[00:16:12] Marc Feldman: What's interesting about that is that is an important distinction, but some people do both. And we see that in a lot of cases, that it starts out with they're looking for money and medications. But they start to really enjoy the attention they're getting. And so it merges between Malingering and Factitious Disorder going back and forth. And now for the first time, the American Psychiatric Association acknowledges that they can occur at the same time, and they can also take place either partially or entirely online. So it's become very easy to engage in medical deception simply by clicking onto Facebook or some social media group and claiming to have an illness you don't have. People are kind, and they may send gifts, they may provide money, and so there are lots of benefits though, ultimately, this behavior tends to be self-defeating. 

[00:17:17] Bob: When I was reading about some versions of Factitious Disorder, the stories are very heart-breaking, I mean people who will actually ingest substances, so they become sick or, or pick away at wounds so they don't heal. This sounds like a very painful and sad uh, illness.  

[00:17:33] Marc Feldman: In most extreme cases, people have lost their lives as a result of what they've done to themselves. I have one classic case of a woman who injected herself with bacteria, and numerous times, to the point where she was in septic shock, uh, near death. And it was only then when she was in the intensive care unit, near death, that she decided to come clean and tell the truth if she ever lived. And fortunately, she did, and she did well with treatment. So it shows that even in the most extreme cases, there's cause to be optimism. She did a panoply of other things to herself too, um, some of them were kind of disgusting, but others are just a--, appalling, uh and you think to yourself, if she had used her creativity and knowledge for productive things, she could have accomplished anything.  

[00:18:31] Bob: Like the story of Jeremiah John Smith, some of Marc's story sounds so extreme. But let's back up a little bit in our explanation of this disorder.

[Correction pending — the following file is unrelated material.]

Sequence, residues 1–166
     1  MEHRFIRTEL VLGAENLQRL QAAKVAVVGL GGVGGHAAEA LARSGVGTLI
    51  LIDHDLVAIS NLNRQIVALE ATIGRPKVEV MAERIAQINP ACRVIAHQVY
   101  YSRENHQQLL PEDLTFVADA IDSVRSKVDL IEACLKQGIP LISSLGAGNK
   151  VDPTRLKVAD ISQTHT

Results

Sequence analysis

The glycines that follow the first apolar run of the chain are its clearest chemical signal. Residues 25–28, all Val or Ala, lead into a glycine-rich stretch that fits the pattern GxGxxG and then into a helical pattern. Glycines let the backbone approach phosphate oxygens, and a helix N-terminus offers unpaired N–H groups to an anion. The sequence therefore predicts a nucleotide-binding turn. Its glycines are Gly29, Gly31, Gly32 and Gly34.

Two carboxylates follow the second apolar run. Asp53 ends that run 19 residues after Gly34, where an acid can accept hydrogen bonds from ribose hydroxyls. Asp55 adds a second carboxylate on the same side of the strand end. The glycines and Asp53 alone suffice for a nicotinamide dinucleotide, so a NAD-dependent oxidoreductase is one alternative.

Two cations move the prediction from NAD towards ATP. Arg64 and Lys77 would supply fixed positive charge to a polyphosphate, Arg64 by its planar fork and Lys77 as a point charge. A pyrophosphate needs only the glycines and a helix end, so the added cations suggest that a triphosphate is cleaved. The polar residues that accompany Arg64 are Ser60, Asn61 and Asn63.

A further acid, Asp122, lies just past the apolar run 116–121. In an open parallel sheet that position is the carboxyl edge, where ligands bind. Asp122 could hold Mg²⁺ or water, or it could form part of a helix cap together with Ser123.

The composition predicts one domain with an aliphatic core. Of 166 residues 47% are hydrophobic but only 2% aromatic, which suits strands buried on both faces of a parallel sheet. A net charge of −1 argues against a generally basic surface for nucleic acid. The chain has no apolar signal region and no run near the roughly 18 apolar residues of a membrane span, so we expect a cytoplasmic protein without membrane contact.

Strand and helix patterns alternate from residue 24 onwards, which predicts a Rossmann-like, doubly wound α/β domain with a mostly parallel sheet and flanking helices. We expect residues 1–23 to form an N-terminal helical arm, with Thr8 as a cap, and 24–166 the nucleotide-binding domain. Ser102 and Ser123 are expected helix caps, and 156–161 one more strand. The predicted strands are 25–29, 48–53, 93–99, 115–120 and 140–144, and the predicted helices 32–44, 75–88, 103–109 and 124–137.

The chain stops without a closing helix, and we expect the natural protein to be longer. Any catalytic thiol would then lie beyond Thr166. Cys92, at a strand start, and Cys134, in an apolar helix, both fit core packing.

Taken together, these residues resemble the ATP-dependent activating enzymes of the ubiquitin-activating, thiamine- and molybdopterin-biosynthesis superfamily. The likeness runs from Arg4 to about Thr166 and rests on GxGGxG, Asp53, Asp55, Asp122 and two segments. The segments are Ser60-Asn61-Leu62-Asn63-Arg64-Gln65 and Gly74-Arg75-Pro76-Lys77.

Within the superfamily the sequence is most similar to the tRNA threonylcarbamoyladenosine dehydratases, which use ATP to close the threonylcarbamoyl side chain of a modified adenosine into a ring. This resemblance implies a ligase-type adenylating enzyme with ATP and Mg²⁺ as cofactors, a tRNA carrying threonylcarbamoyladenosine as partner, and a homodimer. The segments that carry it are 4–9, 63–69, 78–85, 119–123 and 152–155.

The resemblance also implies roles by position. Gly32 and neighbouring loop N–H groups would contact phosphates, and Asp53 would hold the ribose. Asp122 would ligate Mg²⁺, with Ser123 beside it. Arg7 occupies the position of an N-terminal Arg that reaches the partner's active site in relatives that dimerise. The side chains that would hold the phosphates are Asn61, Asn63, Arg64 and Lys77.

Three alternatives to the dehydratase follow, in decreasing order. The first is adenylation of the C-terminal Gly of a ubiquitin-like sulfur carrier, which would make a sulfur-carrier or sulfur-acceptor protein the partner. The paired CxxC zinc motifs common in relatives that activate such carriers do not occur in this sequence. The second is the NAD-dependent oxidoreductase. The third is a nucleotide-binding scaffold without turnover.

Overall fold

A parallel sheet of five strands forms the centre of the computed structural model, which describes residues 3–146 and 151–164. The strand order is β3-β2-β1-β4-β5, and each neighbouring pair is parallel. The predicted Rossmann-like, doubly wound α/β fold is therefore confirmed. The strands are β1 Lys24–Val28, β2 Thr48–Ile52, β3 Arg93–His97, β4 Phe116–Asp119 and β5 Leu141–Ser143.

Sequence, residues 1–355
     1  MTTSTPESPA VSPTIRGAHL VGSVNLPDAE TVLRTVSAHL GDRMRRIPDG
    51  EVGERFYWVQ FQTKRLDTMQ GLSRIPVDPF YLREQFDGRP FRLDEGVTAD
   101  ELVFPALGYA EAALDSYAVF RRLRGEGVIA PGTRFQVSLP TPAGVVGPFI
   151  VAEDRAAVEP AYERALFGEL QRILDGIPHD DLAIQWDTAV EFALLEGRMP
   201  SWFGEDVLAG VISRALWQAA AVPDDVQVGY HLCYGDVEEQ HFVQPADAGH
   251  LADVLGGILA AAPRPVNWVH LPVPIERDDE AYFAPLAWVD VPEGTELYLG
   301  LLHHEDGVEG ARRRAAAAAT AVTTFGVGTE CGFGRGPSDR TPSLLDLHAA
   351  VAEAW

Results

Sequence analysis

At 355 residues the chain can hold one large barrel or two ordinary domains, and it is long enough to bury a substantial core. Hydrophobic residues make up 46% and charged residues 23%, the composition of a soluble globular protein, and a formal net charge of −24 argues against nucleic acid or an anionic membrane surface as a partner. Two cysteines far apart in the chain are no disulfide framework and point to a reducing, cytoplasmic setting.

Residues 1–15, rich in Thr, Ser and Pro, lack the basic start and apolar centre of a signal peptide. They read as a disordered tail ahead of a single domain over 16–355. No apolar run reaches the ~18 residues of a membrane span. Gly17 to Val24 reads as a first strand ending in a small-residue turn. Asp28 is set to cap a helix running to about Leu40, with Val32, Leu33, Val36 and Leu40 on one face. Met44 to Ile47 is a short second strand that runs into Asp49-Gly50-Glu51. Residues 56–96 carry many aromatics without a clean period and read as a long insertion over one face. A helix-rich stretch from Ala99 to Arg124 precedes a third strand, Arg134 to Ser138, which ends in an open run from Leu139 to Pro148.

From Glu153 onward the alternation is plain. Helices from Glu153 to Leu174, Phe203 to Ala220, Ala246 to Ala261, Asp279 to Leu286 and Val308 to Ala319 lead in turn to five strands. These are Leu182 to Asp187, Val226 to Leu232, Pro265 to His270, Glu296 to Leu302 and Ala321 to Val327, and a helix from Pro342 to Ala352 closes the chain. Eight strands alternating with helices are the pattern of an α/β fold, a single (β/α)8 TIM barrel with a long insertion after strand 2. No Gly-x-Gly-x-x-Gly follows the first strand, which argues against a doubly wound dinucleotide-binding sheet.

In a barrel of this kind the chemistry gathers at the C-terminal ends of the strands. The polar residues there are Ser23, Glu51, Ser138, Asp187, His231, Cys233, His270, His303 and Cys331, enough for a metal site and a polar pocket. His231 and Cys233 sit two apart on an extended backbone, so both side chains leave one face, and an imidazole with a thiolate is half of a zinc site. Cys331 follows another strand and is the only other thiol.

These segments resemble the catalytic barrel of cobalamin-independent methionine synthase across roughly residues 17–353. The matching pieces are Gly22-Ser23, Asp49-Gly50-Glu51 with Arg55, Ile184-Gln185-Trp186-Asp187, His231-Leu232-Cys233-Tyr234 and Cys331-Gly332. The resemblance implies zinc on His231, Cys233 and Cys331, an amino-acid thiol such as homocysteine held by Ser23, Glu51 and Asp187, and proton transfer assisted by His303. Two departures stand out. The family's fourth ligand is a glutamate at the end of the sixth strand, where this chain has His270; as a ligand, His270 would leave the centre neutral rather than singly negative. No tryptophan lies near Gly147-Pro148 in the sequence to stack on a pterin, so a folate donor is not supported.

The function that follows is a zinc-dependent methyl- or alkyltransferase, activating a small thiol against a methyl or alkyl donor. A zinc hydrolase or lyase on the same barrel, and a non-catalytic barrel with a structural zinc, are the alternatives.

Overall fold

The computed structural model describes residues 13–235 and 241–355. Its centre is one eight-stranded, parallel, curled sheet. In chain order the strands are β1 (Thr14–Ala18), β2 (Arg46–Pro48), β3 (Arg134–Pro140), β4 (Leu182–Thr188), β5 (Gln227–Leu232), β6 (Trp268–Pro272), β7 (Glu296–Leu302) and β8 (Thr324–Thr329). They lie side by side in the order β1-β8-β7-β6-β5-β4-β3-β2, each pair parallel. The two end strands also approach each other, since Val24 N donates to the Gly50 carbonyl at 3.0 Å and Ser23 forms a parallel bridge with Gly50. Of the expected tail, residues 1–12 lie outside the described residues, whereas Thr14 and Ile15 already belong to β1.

[00:18:41] Bob: I think you make the point in your book that, that everyone has to some degree exaggerated an illness to get out of going to work, or to maybe extend a vacation, or like me, to avoid going to school when you were a kid. So there's a little bit of this in all of us, right?  

[00:18:57] Marc Feldman: That's right. It's on a continuum. My second book was called, "The Spectrum of Factitious Disorders," recognizing that huge range. But I wouldn't want listeners to think that if a child or grandchild complains of a tummy ache now and then to avoid going to school, that that means they've got a psychiatric illness. Or if someone wants to avoid work and calls the boss and claims to have a cold or the flu and coughs a few times into the receiver, their gains are really minimal, and this doesn't represent a, a real pattern of behavior. And so we wouldn't call that Factitious Disorder or Malingering. We would call it the Benign Use of Illness, or some people call it Normal Illness Behavior.  

[00:19:53] Bob: But there are cases where things may start out as the benign use of illness, but then the story and the storyteller just get carried away. 

[00:20:04] Bob: I have been wondering while listening to you, how much of this story and maybe specifically Jeremiah John Smith's story, um, or any of these stories, are a little bit like the boy who cried wolf where it, it works a little and then there's a payoff, and then you have to keep spinning a wider and wider lie. 

[00:20:23] Marc Feldman: This is especially true when it comes to the terminal cancer patients. It shows just how desperate some people get for even the mildest of attention and sympathy if they're lacking in social skills. And most of these people have what we call Personality Disorders, which just means they have long-term maladaptive for harm--, self-harmful ways of trying to get their needs met. Instead of using words, they use harmful actions to get their needs met, and it backfires uh as it did in that case, but it's hard to carry it out forever. People start to wonder if you have terminal cancer, why are you alive four years later? And so they have to elaborate on the story and make it seem as if they're having miraculous cures followed by dismal failures. And it goes on and on and on. If someone really confronts them and says, this makes no sense, how can you still be sick and alive, they tend to invoke God. They say, "Well God has cured me, and to question me is to question God." And that's something nobody wants to do, and it, it causes people to stand back.